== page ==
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New Peacock Doc 'Amber: The Girl Behind The Alert' Explores Cold Case Behind The Life-Saving Service
The AMBER Alert system was named for Amber Hagerman, who was kidnapped and murdered in Texas in 1996. A new Peacock documentary explores both the cold case and the alert system it inspired.
A new Peacock documentary takes a fresh look at the cold case behind the missing children alerts you get on your phone and see on highway signs.
"Amber: The Girl Behind The Alert," which premieres on Peacock Jan. 17, looks at the sad origins of the AMBER Alert, the nationwide system designed to rapidly inform the public about missing and endangered children.
It was named for Amber Hagerman, a 9-year-old girl who was kidnapped from the parking lot of an abandoned grocery store in Arlington, Texas on Jan. 13, 1996, NBC News reported. An elderly neighbor witnessed a white or Hispanic man in his 20s or 30s physically pick Amber up off her pink bicycle and throw her in a black, full-size fleetside single-cab black pickup with a short wheelbase, the Dallas Morning News reported. The witness, Jimmie Kevil — who has since passed away — said he saw Amber kicking and screaming and called 911.
Her body was found four days later in a creek eight miles from her abduction site by a man walking his dog, the Associated Press reported at the time. Police said then they believed her body had been dumped upstream and washed north by heavy thunderstorms.
She had no clothes and her throat had been slit. No arrests were ever made in the case.
Police have refused to reveal what physical evidence was recovered in the case, the Morning News reported, in an effort to prevent false confessions, but said that they hope genealogical DNA analysis might yet solve the crime.
After her body was found, a woman named Diana Simone called her local radio station and asked if they could, in the future, interrupt programming to broadcast information about cases similar to Amber's, PEOPLE reported, similar to the existing emergency broadcast system. She later requested that, if implemented, it be named "Amber's Plan."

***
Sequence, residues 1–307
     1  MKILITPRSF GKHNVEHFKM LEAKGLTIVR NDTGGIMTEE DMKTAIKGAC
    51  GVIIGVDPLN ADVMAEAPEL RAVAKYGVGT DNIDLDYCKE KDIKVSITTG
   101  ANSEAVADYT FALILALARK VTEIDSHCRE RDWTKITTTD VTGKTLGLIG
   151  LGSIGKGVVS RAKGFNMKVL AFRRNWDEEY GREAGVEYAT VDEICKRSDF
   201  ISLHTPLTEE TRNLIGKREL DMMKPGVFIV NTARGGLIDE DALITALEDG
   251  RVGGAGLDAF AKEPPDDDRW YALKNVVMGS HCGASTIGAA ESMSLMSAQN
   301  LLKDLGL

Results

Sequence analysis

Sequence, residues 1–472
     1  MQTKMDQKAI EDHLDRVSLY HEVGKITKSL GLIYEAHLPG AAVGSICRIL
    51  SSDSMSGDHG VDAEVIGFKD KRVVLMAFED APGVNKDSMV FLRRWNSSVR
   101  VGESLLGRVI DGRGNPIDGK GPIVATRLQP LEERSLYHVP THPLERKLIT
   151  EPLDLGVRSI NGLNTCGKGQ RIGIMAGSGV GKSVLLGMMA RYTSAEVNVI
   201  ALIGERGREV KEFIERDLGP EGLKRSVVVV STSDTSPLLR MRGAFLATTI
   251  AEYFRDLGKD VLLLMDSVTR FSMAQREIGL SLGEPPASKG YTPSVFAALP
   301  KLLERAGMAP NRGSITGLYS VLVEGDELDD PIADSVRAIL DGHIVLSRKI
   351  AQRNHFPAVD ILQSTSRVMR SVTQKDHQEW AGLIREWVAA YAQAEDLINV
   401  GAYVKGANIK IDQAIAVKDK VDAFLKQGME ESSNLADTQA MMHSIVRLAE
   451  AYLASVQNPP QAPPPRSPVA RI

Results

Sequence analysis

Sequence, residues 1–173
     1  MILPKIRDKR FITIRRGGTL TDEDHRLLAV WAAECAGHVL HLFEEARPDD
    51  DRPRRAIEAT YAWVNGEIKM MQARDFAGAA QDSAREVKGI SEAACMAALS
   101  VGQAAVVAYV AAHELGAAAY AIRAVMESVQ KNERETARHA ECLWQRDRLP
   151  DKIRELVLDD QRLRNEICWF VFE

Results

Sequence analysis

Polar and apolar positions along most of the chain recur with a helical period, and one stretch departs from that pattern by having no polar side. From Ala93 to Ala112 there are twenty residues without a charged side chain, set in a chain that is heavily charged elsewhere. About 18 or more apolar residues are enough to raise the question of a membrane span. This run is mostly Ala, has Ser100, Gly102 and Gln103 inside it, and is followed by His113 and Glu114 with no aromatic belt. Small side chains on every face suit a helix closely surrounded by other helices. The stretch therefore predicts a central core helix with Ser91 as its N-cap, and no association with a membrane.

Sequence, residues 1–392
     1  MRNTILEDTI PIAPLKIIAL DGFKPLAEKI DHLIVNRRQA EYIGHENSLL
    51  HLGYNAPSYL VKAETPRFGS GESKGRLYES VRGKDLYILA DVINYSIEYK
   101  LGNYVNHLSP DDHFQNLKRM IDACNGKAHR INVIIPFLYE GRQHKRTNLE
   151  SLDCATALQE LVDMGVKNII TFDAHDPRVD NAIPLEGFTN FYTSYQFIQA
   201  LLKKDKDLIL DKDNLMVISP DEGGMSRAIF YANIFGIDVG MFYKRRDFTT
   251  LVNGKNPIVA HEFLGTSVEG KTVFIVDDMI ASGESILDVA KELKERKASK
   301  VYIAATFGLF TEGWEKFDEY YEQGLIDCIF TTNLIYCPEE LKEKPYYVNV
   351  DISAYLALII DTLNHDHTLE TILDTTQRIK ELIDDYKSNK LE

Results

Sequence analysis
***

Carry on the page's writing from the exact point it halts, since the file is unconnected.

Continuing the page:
Later in 1996, the Dallas Fort-Worth Broadcasters put together a coordinated system with local law enforcement to do exactly what Simone had suggested, NBC News reported. It was eventually adopted nationwide and is known as the AMBER Alert System, which stands for "America's Missing: Broadcast Emergency Response."
"The AMBER Alert has brought more than 1,000 children home safely, but after more than 25 years Amber’s case remains unsolved," said Elizabeth Fisher, the executive producer of the Peacock documentary said in a press release.
The documentary includes a new interview with Amber Hagerman's mother, Donna Williams, more information about the investigation and footage captured by a news crew that had been coincidentally following Williams and her children — Amber and brother Ricky Hagerman — before the murder. (That footage was for a segment, scheduled to be aired on Dallas ABC affiliate WFAA, about families who had successfully transitioned off welfare benefits, according to WFAA's parent company Cox Media. It was released in 1997 as part of an hour-long documentary called "After Amber.")
See "Amber: The Girl Behind the Alert" when it premieres on Peacock Jan. 17.